In part one, you learned how to take your monoline lettering from vector to smooth animation in under 60 minutes. Now I want to teach you some new techniques. Most are basic techniques and a couple are a little more advanced. If any of these are over your head, it's totally alright to stick with practicing the basic ones before moving on.
I took the goals that Eric Friedensohn set for the lettering design and translated them to animation goals.
"I wanted the lettering style to feel fun and bouncy, to match the humor in the content of the piece mediocre joker."
That definitely works for animation. For each letter, I focused on bringing it onto screen in a fun and bouncy way.
Straight Ahead Animating
The way I approached this more customized version was a technique called Straight Ahead. This typically refers to the way beginners naturally start animating walk cycles. They begin with the first pose and just draw the next frame, then the next, then the next, and so on, which can result in wonky walks. While this is not a proper way to animated walk cycles, it works perfectly well for lettering motion design.
I began with the "M" and went from there. Each letter after the "M" was based off the animation of the letter before it. For instance, I used the overshoot and bounce strokes to trigger several letter's animations.
The reason this works rather well is the letters have a visual reason to start animating. There doesn't need to be a strict trigger for every single movement, but it was helpful to let that trickle through the whole animation.
Overlaying the Original
In Illustrator, I extended some of the strokes to do the Overshoot and Bounce technique, but I didn't want to lose the original composition. So I just duplicated the strokes and created a 50% transparent copy to keep on top so I would know where to have the strokes come to rest.
Accent Line Extensions
The "M", "J", "o", and "R" use this technique. These are simply created by drawing the stroke beyond the letter form. And using our trusty friend Trim Paths, the stroke animates on from the extension, but then comes back to fit the letterform (matching the original overlay layer).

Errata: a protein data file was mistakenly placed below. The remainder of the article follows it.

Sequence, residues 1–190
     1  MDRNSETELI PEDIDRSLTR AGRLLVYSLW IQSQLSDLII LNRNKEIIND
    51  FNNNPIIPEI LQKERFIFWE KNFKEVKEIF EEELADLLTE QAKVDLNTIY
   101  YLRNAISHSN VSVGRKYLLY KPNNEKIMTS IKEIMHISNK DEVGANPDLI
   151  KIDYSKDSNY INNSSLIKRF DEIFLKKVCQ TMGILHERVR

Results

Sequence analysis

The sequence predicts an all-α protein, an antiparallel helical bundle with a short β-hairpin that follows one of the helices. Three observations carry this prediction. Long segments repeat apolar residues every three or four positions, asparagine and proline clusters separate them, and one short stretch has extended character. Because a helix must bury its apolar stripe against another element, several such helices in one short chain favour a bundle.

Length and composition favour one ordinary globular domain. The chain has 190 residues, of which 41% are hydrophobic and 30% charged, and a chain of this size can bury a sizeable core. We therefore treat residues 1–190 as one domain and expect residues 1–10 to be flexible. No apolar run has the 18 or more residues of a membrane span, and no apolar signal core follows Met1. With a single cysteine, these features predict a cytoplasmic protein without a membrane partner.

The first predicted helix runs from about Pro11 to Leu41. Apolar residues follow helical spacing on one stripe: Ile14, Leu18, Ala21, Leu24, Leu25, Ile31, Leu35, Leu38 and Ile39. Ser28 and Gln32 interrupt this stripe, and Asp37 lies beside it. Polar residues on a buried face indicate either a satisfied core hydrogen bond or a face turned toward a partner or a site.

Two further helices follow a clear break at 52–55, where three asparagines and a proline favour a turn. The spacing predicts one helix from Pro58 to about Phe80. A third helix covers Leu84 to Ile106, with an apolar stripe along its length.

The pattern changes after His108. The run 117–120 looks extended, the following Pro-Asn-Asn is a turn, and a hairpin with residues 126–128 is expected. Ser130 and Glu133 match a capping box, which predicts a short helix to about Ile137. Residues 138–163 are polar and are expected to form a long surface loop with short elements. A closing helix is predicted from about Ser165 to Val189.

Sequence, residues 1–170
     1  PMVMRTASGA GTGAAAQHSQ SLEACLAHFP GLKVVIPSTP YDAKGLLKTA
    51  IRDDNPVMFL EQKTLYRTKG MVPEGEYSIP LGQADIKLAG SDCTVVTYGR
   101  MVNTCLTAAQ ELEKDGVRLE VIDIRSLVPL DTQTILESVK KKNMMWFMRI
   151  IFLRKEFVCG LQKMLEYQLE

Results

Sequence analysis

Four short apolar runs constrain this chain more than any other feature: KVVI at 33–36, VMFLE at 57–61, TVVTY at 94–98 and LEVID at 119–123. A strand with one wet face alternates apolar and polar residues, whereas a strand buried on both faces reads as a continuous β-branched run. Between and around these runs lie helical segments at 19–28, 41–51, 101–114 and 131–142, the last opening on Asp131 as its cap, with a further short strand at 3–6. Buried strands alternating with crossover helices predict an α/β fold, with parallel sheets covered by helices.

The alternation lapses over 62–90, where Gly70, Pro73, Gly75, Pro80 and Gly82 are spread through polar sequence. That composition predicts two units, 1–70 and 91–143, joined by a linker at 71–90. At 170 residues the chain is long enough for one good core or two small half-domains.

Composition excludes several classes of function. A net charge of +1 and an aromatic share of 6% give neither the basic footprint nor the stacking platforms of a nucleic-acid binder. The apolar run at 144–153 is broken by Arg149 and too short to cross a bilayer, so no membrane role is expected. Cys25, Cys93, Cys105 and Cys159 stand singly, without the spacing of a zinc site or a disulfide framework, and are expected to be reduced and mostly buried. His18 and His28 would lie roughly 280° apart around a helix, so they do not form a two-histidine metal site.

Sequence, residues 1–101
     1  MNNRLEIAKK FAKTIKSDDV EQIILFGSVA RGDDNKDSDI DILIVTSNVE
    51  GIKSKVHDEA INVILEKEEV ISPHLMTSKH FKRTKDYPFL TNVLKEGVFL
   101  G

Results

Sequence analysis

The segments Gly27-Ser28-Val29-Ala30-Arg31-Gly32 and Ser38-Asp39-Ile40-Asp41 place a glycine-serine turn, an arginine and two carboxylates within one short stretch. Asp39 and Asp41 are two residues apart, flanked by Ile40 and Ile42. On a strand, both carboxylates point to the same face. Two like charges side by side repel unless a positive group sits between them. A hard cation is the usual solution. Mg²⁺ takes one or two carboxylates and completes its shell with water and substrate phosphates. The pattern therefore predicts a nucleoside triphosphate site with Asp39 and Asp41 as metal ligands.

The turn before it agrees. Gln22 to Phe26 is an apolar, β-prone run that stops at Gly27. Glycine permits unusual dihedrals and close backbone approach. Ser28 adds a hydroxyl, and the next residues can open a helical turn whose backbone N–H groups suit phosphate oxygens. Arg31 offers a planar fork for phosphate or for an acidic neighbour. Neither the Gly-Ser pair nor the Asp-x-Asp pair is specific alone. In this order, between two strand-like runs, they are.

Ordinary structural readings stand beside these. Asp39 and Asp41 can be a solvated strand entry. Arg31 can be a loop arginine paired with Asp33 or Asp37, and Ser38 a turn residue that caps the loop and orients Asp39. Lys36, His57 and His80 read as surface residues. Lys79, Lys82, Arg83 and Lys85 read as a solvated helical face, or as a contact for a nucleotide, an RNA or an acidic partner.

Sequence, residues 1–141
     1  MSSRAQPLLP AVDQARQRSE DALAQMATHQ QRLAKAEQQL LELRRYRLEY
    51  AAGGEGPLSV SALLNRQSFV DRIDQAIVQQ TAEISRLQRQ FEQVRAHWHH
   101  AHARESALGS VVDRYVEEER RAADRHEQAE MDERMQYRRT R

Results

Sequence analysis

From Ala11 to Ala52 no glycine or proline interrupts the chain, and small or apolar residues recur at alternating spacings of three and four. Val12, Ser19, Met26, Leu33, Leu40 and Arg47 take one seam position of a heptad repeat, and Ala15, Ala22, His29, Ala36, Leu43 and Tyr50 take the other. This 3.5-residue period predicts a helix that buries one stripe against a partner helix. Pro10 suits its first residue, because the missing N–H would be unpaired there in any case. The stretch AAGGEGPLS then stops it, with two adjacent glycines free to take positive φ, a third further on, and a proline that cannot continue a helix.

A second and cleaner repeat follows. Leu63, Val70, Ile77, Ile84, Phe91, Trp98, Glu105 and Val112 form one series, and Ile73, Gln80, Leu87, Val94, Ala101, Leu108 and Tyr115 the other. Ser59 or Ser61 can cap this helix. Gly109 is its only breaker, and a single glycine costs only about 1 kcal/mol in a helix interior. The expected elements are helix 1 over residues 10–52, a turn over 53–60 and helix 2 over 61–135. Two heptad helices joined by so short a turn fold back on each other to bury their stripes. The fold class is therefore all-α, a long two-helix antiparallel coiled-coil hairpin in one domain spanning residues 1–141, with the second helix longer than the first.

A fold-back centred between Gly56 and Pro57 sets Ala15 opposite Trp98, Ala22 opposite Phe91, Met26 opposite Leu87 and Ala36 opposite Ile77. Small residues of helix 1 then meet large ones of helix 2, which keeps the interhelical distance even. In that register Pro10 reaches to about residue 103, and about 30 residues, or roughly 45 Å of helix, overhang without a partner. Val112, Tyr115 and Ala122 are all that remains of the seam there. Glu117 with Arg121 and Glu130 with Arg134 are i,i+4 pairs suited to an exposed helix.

Trim Paths Offset
This one is quite simple. Combining Trim Paths' Start/End with Offset animation can give you really nice results without a ton of work.
The Offset value just tells the path where the start point is. On a path that's not a closed loop, the start and end are more obvious, but on a circle, you will have to change the Start or End value to see where it begins.
Position and Rotation
Any property on a layer (Position, Rotation, etc.) act the same way as Trim Paths do. When you click the stop watch ⏱ icon, it gives you a keyframe. Move the play head and change the same property value and voila... it animates.
Overshoot and Bounce
This is one of the techniques that's relatively advanced. I will go over the bounce technique in greater detail in a separate post. I just wanted to show you how it can be done.
The springy overshoot is basically the exact same graph editor structure, except the points on the graph alternate... below the centerline, above, below, etc.
Frame by Frame Path Animation
This final technique is not for the faint of heart. I put this here to show you that it can be done more than to teach you how to do it.
And that does it for Part 2.
Here is what we've done so far.
And here's the full piece in video format so that you can scrub through and watch as slowly as you'd like.
Go Forth and Animate
With this handful of techniques, you now have the skills to not only animate your lettering piece, but you can customize it and experiment with all sorts of cool movement.